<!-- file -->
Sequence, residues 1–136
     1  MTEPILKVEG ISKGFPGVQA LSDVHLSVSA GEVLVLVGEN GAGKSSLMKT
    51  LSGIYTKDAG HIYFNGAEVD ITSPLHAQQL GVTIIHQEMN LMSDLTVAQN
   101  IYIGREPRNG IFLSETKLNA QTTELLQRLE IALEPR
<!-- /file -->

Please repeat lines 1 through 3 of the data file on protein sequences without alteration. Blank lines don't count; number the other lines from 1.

Sequence, residues 1–136
     1  MTEPILKVEG ISKGFPGVQA LSDVHLSVSA GEVLVLVGEN GAGKSSLMKT
    51  LSGIYTKDAG HIYFNGAEVD ITSPLHAQQL GVTIIHQEMN LMSDLTVAQN